The Punchbowl

My visit to the Punchbowl took place on one of those days that one only sees in the tropics or semi-tropics. It was gray, almost dark, a driving rain moved in from the ocean. The storm passed in minutes leaving behind a brilliant rainbow which was burnt away by a strong tropical sun as the sky became a brilliant blue. A series of clouds drifted in to provide a mood appropriate drizzle for my visit as I looked out over row after row of the dead whose sacrifices helped make my privileges possible.

The Punchbowl does not have the same immediate emotional impact that one experiences at Arlington or Normandy. You do not see row after row of white grave markers. At first, it seems empty but then you see the small indentions in the grass. Each indention is a man or woman who answered the call to “support and defend the Constitution of the United States against all enemies, foreign and domestic.” The indentions continue across the manicured lawn until you can no longer distinguish the marks in the grass. The earth pulls the dead back into her serene, anonymous embrace where they can rest in peace far from the horrific violence that ended so many of their lives.


Graves to the Horizon

Lady Columbia silently watches over the Punchbowl. She stands at the top of the staircase in the Court of Honor representing all grieving mothers who have given their sons and daughters to the nation. She stands on the bow of a ship holding a laurel branch.

Lady Columbia

Lady Columbia

The inscription below the statue is taken from Abraham Lincoln’s letter to Mrs. Bixby and reads:








Behind her is a small chapel where people of all faiths may visit for meditation, reflection or prayer. Around the top of the staircase behind Lady Columbia are murals outlining the battles in which the warriors have fallen over four wars in the Pacific.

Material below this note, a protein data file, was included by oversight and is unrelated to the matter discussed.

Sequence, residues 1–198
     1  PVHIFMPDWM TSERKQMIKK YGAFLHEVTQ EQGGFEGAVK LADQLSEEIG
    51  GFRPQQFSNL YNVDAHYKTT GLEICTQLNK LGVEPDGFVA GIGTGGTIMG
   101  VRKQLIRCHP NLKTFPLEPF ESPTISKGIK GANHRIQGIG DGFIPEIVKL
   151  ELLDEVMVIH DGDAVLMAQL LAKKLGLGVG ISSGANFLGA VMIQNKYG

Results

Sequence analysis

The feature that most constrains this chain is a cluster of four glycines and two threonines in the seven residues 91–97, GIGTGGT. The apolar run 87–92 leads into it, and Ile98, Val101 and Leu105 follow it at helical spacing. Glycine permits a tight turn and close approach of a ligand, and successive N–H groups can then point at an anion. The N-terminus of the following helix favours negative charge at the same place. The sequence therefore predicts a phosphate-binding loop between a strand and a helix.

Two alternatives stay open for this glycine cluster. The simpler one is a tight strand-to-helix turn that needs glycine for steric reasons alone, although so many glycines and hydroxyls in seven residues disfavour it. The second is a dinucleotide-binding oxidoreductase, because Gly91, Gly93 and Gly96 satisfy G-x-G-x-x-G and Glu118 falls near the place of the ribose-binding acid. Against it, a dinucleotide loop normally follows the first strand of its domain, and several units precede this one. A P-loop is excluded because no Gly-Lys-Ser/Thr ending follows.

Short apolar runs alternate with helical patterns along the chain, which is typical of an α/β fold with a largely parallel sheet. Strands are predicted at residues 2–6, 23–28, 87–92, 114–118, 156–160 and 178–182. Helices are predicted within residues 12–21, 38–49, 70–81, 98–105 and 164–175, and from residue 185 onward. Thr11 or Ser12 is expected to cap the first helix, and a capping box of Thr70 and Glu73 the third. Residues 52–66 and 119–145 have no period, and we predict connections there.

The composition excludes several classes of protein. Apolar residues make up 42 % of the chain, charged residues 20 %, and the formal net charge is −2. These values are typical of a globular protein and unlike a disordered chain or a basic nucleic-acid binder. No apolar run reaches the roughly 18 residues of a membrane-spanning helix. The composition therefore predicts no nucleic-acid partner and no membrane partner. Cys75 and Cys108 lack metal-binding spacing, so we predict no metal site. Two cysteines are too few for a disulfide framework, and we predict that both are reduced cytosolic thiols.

Whenever I am near a national military cemetery such as the Punchbowl, I always make an effort to go pay my respects to the men and women who gave all. Visits to these sites should be required for all politicians who lightly suggest sending American troops in harm’s way. They should be forced to walk among the graves reading the names of the dead who reflect the ethnic and religious diversity of America. They should watch as the families come to visit. Unless you have no human feelings, the emotions that sweep over you as you watch a young mother and her children lovingly tend to the grave of a fallen warrior are overwhelming.

Some may find this post overly heavy, even depressing, but my experience was just the opposite. Visit one of the national cemeteries, find a quite spot, look around and reflect on what you see. You are surrounded by men and women that never knew you but who were willing to die to ensure your freedom. It is incredibly inspiring and uplifting. Their willingness to sacrifice is also a very precious resource which should be spent rarely, carefully, and only when absolutely necessary.


One thought on “The Punchbowl

  1. Outstanding article! I have felt these same feelings but was unable to put them into words. I had the good fortune to visit Flanders Fields last summer. Seeing so many cemeteries and the very interesting museums left me beyond tears.

    Liked by 1 person

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